Middle Eastern

Palestinian Meat Pie With Nine Spices and Plenty of Pine Nuts

November 15, 2017

Fried kubbeh is delicious but requires time and effort to make—and then it still has to be fried. Here, The Palestinian Table author Reem Kassis shares a delightful alternative, which she learned while growing up in Jerusalem.


Say hello to a party-pleasing pie. Photo by Mark Weinberg

“So what’s your secret?” I asked my mother a couple of years ago as we sat at our kitchen table making kubbeh. “What makes your kubbeh the best any of us have ever had?”

She looked at me, smiled, and showed me her hands. “Thirty years,” she said, “that’s my only secret.” Not the answer I was hoping for, but not one I could argue with either. I have to agree that kubbeh really is a case of “practice makes perfect.” But for those of us who don’t want to spend a couple of decades perfecting these torpedo-shaped croquettes, kubbeh pie is the perfect answer.

Kubbeh, in general, is a combination of fine bulgur and meat that is prepared, cooked, and shaped in many different ways—from deep fried croquettes to grilled domes to hearty stews. The key to good kubbeh is good ingredients. Use fresh, lean meat that you or your butcher grind twice through a fine meat mincer. Keep a bowl of ice water next to you as you work to ensure your hands remain cold and the meat stays fresh.

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Another important component to the dish is a nine-spice mix, which flavors both the kubbeh and its filling. I make this blend at home for the freshest flavor, but also because it reminds me of walking through Jerusalem’s old city as a child with my mother, going from vendor to vendor buying whole spices in bulk that she would roast and grind once we got home. If you do not want to make this blend at home, however, you can substitute with store-bought Lebanese 7-spice or Baharat for a similar flavor profile.

The final decision is the form. While the stuffed individual torpedo and dome shaped varieties require patience and experience to perfect, this pie offers you the same delicious flavors and textures of kubbeh, but in much less time.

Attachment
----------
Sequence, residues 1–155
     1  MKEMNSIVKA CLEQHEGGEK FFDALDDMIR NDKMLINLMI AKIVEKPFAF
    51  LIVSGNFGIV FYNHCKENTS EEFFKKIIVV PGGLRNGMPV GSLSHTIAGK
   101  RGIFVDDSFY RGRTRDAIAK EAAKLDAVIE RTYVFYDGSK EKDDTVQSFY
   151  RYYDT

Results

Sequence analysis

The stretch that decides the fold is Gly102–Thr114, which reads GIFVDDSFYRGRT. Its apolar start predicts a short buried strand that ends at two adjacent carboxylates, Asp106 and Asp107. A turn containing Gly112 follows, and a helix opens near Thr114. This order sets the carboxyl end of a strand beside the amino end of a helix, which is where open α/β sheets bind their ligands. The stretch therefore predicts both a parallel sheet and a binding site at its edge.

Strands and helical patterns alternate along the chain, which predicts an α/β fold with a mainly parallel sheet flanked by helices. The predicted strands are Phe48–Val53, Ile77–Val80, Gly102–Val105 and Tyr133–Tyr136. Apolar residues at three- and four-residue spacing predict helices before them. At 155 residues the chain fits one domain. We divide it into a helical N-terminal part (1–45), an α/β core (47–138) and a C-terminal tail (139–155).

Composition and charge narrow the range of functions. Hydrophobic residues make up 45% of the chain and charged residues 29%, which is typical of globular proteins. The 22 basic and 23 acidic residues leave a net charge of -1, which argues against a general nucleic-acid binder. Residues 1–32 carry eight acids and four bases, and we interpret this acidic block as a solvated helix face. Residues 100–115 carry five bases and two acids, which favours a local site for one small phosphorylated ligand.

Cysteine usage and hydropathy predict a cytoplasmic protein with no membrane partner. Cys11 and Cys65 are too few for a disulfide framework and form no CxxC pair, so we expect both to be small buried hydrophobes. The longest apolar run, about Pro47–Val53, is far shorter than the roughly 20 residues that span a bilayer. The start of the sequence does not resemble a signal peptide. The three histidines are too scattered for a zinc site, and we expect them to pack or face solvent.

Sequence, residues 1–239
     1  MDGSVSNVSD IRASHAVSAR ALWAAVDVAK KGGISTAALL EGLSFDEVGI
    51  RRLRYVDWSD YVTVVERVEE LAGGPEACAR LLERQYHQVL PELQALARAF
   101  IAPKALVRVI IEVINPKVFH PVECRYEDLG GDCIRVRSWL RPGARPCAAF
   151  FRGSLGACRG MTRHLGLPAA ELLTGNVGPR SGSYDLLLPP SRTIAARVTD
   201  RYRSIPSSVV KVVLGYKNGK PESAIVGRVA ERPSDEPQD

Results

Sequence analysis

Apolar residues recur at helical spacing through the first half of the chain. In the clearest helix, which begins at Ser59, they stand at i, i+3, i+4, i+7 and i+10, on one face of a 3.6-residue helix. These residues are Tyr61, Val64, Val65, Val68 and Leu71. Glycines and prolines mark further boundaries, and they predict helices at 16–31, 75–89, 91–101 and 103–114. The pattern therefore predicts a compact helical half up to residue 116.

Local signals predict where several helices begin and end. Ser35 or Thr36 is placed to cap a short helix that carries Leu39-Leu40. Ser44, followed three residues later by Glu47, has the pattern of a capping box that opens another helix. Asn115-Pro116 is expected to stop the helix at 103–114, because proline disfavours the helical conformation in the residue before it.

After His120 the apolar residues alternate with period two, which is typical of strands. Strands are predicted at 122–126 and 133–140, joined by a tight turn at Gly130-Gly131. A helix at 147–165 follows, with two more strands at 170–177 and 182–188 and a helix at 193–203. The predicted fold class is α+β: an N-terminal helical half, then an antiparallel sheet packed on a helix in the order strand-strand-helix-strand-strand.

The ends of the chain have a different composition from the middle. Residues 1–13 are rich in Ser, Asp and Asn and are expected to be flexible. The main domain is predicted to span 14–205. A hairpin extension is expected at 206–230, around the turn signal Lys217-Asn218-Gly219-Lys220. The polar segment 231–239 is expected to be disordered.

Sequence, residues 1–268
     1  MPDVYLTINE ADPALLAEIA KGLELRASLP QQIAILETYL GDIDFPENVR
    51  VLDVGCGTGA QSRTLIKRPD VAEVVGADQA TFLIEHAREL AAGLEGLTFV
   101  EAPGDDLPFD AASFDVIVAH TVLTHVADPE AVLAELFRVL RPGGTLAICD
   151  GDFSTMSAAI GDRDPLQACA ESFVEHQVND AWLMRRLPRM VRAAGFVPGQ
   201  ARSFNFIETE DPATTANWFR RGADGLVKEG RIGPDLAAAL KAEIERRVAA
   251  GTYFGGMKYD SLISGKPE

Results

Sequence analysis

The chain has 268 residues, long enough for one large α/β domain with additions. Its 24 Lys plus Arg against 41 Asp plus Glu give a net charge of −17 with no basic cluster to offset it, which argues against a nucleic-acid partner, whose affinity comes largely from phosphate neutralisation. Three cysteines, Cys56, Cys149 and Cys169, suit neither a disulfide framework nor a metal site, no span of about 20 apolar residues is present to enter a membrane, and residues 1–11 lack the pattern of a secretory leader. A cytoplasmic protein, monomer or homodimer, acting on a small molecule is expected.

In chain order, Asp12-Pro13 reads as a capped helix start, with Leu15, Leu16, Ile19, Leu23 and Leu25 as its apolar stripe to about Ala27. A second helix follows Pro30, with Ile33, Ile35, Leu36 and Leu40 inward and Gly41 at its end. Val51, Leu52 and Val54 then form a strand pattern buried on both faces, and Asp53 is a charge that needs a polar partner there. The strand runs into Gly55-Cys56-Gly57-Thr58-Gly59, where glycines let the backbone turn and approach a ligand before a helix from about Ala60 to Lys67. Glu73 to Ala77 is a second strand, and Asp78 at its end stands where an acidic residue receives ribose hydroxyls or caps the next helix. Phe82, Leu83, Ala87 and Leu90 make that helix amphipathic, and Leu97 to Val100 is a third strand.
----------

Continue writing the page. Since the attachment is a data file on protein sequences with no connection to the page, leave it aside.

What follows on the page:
It’s a beautiful and easy dish to entertain with, especially with a side of garlic cucumber yogurt or a tomato sumac salad. It also makes a great weeknight meal as you can make several of these pies, freeze them without baking, and then cook direct from frozen for a delicious and healthy meal on the table in under thirty minutes.

Share your favorite family recipes—and ways you've tweaked them—in the comments below.

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A New Way to Dinner, co-authored by Food52's founders Amanda Hesser and Merrill Stubbs, is an indispensable playbook for stress-free meal-planning (hint: cook foundational dishes on the weekend and mix and match ‘em through the week).

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3 Comments

roche October 10, 2018
FOOD52 ...The Pinterest share button does not work.
 
Foodie222 November 18, 2017
This has been a common way to make kibbe for generations in Lebanon, at least. We grew up on this.
 
Author Comment
Reem K. November 18, 2017
Absolutely!! The entire Levant shares many dishes together. After all, we are part of a geographic continuum stretching back to pre-Ottoman times making it difficult to delineate the exact origins of all our dishes. The one thing we can ascertain though, is that whether it's Lebanese, Syrian, or Palestinian it is absolutely delicious and we all generously like to share our food with others :-)